AGRUMIG Project’s stakeholders mull over ‘migration and its impact’

Migration, its cascading impact on agriculture, economy and livelihood form the template for discussion during AMU-International Water Management Institute’s AGRUMIG Project’s ‘Regional policy dialogue workshop on migration’ held at Haile Resort, Arba Minch, on 5th November, 2019. Click here to see the pictures

At the outset, Research Directorate’s Executive Director, Dr Teshome Yirgu, according warm welcome to the gathering, gave a lowdown on the project and apprised them about its objectives. He said, this project will set the precedent in handling the issue of migration wherein Ethiopia is grappling with this issue since long; the outcome will provide a roadmap to policy makers in forming much-needed strategic intervention.

IWMI’s Strategic Program Director (water growth & inclusion), Dr Alan Nicol, speaking to crowd, said, it’s about migration and impact on home areas where people leave from. We are here to look into the link between migration and agriculture development in South Nations, Nationalities and People’s Region. We will help develop policy linkages with applied research and build connections with stakeholders, decision maker practitioners and policy makers and try to listen that these links help the way people respond.

He reiterated that globally, in any given year, quarter of a billion people is migrants, which is part of life. In Ethiopia, we have great volume of people leaving from one to other region leaving impact behind. Hence, here out-migration is most important policy factor where we have to find a way of strengthening linkage between people’s decisions to migrate and the economic development in those communities. Other thing is to link jobs to economy and find ways that will help to mitigate encountering challenges further.

He said generally 3% of global population being migrants generates around 9% of global Gross Domestic Product, and in Ethiopia unofficial migration is quite significant but their experience could be beneficial for others.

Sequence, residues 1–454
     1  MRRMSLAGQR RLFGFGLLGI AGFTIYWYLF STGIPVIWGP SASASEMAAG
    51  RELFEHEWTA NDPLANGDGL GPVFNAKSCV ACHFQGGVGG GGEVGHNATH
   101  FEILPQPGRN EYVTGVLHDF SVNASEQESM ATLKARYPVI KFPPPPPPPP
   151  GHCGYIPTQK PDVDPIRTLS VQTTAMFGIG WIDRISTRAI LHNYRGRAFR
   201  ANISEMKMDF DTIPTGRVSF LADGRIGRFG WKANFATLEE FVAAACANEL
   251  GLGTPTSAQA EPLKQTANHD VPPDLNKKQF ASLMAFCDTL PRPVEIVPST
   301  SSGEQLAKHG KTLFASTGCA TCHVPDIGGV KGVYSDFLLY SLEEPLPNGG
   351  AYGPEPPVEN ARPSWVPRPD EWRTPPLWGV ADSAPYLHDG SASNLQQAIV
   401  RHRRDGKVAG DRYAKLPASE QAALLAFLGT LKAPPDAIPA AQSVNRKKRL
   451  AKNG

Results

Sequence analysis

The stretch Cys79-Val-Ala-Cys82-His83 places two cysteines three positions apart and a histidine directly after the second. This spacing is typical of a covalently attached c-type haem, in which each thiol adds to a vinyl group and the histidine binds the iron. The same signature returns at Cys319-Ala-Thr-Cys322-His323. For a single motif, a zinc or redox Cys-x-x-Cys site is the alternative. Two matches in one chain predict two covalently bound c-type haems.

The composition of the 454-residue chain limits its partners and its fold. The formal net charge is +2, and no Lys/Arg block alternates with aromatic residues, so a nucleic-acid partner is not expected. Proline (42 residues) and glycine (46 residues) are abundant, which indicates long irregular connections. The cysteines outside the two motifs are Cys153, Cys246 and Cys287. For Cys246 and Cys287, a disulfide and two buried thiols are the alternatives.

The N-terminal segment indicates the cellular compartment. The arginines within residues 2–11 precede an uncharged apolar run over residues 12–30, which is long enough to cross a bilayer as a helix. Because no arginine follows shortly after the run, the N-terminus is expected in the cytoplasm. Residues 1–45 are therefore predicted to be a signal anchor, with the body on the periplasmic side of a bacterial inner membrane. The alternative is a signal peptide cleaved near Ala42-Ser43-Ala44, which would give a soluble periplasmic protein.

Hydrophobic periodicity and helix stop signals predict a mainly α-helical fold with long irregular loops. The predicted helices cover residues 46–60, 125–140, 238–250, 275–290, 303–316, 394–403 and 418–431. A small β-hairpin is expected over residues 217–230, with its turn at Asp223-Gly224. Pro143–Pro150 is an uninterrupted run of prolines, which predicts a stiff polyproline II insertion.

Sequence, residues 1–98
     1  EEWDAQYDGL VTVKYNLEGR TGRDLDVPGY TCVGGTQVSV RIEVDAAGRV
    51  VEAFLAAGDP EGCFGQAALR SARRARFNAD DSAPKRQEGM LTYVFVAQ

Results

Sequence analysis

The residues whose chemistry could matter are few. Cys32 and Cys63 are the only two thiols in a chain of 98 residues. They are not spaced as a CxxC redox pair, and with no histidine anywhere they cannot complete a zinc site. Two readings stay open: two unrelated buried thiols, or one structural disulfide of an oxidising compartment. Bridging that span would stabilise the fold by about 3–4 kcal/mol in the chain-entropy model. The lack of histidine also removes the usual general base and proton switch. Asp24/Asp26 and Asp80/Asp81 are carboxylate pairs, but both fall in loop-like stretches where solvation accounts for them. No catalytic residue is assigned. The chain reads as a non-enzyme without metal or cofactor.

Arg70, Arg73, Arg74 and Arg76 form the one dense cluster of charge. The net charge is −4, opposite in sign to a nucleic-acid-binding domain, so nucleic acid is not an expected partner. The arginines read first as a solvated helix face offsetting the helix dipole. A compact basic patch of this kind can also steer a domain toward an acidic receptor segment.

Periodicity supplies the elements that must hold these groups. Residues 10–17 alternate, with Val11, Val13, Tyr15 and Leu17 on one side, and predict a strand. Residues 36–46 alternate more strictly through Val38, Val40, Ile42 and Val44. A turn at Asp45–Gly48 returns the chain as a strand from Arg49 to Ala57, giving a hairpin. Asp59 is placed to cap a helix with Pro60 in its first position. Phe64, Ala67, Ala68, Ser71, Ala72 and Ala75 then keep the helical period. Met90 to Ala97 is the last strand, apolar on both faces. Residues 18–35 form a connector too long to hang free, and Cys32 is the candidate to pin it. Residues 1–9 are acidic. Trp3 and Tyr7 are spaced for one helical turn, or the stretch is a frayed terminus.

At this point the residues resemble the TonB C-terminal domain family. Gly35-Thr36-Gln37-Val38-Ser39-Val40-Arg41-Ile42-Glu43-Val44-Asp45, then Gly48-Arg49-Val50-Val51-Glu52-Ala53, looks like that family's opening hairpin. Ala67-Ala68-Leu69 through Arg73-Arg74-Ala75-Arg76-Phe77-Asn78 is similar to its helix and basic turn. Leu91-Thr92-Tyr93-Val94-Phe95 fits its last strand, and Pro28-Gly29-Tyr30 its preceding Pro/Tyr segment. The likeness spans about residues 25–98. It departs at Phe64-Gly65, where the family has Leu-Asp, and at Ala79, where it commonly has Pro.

Gamo Zone Administrative Head, Eshetu Elto, admits that lack of fundamental amenities like education, healthcare and jobs force youth to leave from rural to urban areas that compounds rural areas’ problems. Even Gamo Zone’s highlands have no adequate farming lands; therefore, to arrest intra-migration; my office will try to address grass-root issues by ensuring all civic amenities including education, healthcare and jobs for youth and others.

Later, Dr Mengistu Desalegn, highlighting objectives of AGRUMIG Project, said, we consider migration as a part of development process, hence, we are here to explore ways to better its understanding and dwell deeper into dynamics of migration-induced agricultural transformation taking place in communities and places. Similarly, the impact of remittances on rural economy and how does migration-induced knowledge and information flow facilitates agrarian change and economic development will also be analyzed.

Lashing out at lacuna found in his impact assessment project, researcher from Wolayta Soddo University, Dr Tagesse Abo, said, absence of governance structure at grass-root level harming us a lot. At zonal and regional and national level we have structure that has to be cascaded down to woreda and kebele-level; lack of expertise further makes things complicated. Therefore, it’s imperative for government to create awareness, impart skill training, create education infrastructure and generate jobs to arrest intra-migration and save youth from the perils of urban glamour.

Gamo Zone Social Affairs Team Leader, Mr Tarekegn Getachew, spoke on status of migration in Gamo Zone while Hadya Zone Labour and Social Affairs Coordinator, Mr Bereket Feleke, shared his experience on migration and agriculture.

Relating her ordeal, she underwent for five years in Kuwait, one of the returnees, Tarikua Amenu, a resident of Arba Minch town, said, ‘’I was sent by an agent on agreed sum for 8 hour of daily work, but I had to slog 24 hours for meager amount of ETB 3,000 every month. However, hope of getting more kept me there, but ultimately, I decided to return; and now, I am running a tea kiosk near Nech Sar Campus.

The gathering had group discussion on issues of migration, agriculture and governance. Apart from AMU officials, representatives from South Nations, Nationalities and People’s Region, various offices of Gamo Zone, Tigray region and NGO – Mission for Community Development Program and others were in attendance; Firew Tesfaye anchored the program.

(Corporate Communication Directorate)